Everyone experiences life differently. A good day in one person’s eyes might feel catastrophic to someone else. We have accounts of our own stories and our accounts of the stories we share with others.
No matter what our perceptions are, they are shaped interactively by self-image. Our self-image affects how we perceive, which affects our image. So, if our perception is influenced in part by our surroundings, is it fair to say that it might vary as settings change?
Breaking Down Self-Concept
Psychology has its own definition and theoretical structure of how we, as people come to understand who we are. Or so, who we think we are. Though, that’s only the surface of it. Psychology is, of course, not the only institution to explore what the “self” means.
It has been a concept widely investigated by many groups of people, spiritually and culturally. Sociology has its take, based solely on our social environment. Because of this, many people come to know self-image as the overarching idea of who they believe themselves to be.
However, you may think of self-image as one corner under the umbrella of self-concept. Self-concept is a collective theory that takes many aspects of how we can conclude ourselves into consideration. There are various angles to weigh in our consciousness, and self-concept is an in-depth exploration of that. It involves:
- Examination of social, religious, spiritual, emotional, and physical information
- Development from childhood and onward, ever-changing
- Information from logical and emotional consciousness
Self-concept is a compilation of self-image, self-esteem, and self-awareness. To put it concisely, what we think we see in ourselves, what we think we feel about it, and what we think we know to be true for a fact.
The bottom line is that all this information precedes our perception and is not always consistent with “reality.” Then, there’s the argument of what reality really means, but that’s another conversation.
More about Self-Image
Because self-image is what we think we see in ourselves, it is determined by several factors of its own. First, there is how you perceive yourself, along with how you think others perceive you. Then, there is a channel of comparison between that information and what you would like to be true.
Meaning, the way you most desire to be. In this sense, self-image is a sort of attitude that arises from how closely related the person you perceive yourself to be is with the person you’d like to be. Then, it trickles down to what is important to each person, particularly, and in this space, there is a lot of room for interpretation.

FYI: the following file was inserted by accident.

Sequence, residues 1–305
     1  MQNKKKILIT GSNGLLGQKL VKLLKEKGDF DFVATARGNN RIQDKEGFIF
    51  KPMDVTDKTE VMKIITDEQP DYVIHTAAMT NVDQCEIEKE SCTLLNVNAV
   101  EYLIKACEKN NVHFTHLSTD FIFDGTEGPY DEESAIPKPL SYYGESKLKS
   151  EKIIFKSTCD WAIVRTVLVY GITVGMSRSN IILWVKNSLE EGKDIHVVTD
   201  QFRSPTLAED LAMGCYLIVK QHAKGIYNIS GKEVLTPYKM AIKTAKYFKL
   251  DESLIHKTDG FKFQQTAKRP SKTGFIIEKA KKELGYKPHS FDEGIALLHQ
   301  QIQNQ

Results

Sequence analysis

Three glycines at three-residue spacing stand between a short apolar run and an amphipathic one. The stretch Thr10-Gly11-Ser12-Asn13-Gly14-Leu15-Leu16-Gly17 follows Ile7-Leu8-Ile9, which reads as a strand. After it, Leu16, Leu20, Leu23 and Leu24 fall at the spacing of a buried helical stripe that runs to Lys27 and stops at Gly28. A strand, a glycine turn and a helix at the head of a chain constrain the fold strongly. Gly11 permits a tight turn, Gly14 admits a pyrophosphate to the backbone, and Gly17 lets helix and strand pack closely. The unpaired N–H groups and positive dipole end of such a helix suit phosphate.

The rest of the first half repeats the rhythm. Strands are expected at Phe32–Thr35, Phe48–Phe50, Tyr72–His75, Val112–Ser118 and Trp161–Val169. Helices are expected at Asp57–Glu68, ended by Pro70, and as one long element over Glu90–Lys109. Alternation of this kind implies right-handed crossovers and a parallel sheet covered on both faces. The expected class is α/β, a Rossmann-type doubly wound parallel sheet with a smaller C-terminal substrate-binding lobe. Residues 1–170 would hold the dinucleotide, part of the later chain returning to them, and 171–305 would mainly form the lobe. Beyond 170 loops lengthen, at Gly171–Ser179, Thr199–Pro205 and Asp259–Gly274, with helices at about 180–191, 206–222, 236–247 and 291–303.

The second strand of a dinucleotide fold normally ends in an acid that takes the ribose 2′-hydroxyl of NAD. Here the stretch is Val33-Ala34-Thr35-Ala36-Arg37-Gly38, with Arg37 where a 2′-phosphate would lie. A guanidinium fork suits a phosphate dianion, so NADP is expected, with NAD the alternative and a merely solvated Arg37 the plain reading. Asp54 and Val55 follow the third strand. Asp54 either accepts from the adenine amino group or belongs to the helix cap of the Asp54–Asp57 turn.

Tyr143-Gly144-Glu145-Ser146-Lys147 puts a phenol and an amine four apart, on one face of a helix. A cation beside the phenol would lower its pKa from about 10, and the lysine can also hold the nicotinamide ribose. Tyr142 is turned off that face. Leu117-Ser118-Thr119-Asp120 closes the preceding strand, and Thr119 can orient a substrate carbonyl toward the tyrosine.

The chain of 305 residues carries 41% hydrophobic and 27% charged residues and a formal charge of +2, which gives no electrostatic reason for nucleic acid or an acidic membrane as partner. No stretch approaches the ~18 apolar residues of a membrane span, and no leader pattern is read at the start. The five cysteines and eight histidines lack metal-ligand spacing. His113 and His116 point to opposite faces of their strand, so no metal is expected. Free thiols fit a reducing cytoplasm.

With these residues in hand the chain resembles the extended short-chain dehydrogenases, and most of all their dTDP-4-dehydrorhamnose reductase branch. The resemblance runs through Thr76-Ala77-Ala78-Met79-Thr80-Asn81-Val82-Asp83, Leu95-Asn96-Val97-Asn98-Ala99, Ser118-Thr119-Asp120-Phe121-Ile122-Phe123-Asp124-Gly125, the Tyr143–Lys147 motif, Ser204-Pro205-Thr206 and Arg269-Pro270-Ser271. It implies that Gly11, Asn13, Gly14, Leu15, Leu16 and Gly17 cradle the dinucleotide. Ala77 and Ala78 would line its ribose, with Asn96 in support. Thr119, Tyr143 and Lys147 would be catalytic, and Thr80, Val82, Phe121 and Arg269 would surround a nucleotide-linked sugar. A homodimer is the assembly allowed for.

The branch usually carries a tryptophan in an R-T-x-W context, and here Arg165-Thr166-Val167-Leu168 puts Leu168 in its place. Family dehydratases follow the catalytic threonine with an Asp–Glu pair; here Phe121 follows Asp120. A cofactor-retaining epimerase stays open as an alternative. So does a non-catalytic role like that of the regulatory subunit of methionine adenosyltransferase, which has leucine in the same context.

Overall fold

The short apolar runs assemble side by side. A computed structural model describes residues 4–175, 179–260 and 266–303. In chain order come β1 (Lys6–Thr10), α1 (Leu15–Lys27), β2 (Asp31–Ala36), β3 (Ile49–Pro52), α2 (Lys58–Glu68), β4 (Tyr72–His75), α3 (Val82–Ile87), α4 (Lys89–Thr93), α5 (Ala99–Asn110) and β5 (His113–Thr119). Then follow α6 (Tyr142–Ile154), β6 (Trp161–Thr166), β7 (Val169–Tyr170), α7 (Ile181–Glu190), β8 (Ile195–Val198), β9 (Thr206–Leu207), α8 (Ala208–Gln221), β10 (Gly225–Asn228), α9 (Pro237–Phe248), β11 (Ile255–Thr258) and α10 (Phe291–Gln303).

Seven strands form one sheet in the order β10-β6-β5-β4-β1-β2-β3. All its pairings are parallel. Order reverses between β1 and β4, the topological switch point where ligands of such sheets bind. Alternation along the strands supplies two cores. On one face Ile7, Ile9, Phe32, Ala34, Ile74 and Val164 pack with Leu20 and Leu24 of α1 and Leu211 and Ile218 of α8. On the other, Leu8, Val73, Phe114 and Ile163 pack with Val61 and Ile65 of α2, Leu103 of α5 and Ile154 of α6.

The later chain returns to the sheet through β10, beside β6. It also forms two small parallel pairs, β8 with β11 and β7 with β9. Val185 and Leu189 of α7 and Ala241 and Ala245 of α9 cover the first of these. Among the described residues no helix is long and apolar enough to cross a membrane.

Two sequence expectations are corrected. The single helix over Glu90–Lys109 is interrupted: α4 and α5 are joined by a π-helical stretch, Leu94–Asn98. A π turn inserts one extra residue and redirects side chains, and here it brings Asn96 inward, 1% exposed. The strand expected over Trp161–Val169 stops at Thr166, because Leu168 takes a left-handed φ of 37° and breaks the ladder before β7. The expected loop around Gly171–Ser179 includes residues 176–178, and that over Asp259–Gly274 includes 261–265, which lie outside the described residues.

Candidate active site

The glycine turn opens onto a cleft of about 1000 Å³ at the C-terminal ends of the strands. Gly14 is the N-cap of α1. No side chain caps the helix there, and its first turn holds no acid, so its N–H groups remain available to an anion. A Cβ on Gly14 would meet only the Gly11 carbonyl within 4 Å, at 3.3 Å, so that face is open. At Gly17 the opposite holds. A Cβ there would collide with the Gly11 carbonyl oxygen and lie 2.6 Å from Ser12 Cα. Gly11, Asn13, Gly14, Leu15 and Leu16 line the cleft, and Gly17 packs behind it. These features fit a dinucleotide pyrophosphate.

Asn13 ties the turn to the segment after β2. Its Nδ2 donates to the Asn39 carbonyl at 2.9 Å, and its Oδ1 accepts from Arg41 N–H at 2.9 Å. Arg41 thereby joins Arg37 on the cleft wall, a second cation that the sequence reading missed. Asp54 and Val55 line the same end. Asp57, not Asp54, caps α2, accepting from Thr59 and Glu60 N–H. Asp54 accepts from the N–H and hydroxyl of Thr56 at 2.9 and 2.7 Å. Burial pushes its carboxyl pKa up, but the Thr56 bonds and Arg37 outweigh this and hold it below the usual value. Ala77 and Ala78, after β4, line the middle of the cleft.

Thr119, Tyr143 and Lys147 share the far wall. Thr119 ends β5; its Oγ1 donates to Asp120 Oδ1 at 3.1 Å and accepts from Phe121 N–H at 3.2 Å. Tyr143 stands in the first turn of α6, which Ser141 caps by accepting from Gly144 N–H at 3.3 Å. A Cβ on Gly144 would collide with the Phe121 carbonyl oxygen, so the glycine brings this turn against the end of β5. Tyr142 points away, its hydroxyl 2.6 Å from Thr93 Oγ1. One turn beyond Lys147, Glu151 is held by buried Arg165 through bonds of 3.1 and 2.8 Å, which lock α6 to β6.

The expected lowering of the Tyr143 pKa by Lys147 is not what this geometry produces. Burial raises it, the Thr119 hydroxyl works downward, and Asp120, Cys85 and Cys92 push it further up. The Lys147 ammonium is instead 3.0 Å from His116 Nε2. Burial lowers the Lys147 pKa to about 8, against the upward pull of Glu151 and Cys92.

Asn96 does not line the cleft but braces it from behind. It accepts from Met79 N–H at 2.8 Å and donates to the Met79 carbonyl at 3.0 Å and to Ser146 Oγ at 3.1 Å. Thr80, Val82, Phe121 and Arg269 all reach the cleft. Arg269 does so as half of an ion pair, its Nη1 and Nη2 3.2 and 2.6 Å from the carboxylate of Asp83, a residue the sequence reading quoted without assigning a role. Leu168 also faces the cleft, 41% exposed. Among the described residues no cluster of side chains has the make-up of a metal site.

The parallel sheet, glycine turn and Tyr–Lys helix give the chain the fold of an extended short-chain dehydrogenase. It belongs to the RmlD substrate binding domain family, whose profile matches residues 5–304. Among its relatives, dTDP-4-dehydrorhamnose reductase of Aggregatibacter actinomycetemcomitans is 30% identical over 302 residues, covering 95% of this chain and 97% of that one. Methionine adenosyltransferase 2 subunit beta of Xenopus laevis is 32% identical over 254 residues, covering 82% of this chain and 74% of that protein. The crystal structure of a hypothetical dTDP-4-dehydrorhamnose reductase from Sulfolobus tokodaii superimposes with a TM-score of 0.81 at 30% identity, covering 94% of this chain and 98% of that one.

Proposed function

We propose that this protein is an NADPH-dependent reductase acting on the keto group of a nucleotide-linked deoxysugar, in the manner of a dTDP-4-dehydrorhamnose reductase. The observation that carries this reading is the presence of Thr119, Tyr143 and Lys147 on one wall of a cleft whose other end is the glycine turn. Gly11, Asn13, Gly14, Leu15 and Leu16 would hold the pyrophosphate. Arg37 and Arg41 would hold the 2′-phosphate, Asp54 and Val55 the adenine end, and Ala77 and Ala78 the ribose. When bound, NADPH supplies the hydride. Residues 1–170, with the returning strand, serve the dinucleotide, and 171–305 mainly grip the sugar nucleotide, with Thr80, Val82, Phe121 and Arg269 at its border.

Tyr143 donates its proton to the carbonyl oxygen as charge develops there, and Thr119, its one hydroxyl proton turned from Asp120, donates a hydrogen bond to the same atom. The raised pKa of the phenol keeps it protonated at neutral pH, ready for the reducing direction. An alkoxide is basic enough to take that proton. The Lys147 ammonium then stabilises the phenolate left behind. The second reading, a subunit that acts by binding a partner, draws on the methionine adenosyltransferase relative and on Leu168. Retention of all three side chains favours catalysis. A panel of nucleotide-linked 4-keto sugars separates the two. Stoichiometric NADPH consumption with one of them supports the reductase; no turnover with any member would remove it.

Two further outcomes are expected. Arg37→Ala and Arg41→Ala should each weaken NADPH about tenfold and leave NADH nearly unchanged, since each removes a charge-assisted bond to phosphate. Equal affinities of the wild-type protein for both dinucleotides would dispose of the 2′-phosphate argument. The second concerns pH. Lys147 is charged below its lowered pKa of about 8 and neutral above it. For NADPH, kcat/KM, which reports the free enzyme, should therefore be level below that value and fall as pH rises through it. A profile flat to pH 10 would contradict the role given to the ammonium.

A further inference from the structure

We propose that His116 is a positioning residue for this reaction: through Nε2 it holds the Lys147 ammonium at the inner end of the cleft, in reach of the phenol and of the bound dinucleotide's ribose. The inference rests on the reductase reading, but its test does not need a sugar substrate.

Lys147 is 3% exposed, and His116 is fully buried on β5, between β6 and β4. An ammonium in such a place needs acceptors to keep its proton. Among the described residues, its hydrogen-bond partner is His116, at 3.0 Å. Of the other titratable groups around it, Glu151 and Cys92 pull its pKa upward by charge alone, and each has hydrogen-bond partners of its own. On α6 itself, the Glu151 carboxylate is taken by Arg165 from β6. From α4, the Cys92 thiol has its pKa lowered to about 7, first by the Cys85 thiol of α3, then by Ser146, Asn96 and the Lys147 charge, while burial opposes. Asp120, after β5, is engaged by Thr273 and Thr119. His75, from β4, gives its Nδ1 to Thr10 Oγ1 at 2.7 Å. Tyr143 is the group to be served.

How it Can Waver
For example, take a person whose conditioning has lead them to equate how people feel about their appearance with a high level of importance. This person may put more emphasis on drawing conclusions about themselves based on the kind of interactions that might allude to how people perceive their attractiveness or physical attributes. They may feel more or less confident in these types of settings based on what they believe others perceive about themselves.
If a person’s conditioning has led them to place more importance on say, whether or not they are wealthy, the same will apply. Their self-image will consist of the conclusions of how wealthy they think they look, how wealthy people believe they are, and how this information compares with the fact of how wealthy they’d like to be versus the reality.
With this logic, we can begin to understand how a person’s self-image may waver according to setting or situation.
If a person who thinks their value is all in the job they do, their self-image may rely most on their work-life for influence. It might feel exceptionally good or bad to be at work based on this information. It may change once they are in another setting where all new perceptions have been made based on how important they consider that setting, and how closely they tie their self-esteem with it.
A Note from GR8NESS
Remember that when it comes to aspects of the mind and mental health, nothing is black and white. There are endless possibilities that determine how each person truly perceives themselves.
If you ever feel as though you struggle with your self-image in any part of your life, acknowledge it. Don’t beat yourself up; simply accept the reality of where you are mentally. Then, understand that you have the right and power to shift it at any time. Take care of yourself, and take care of your self-image.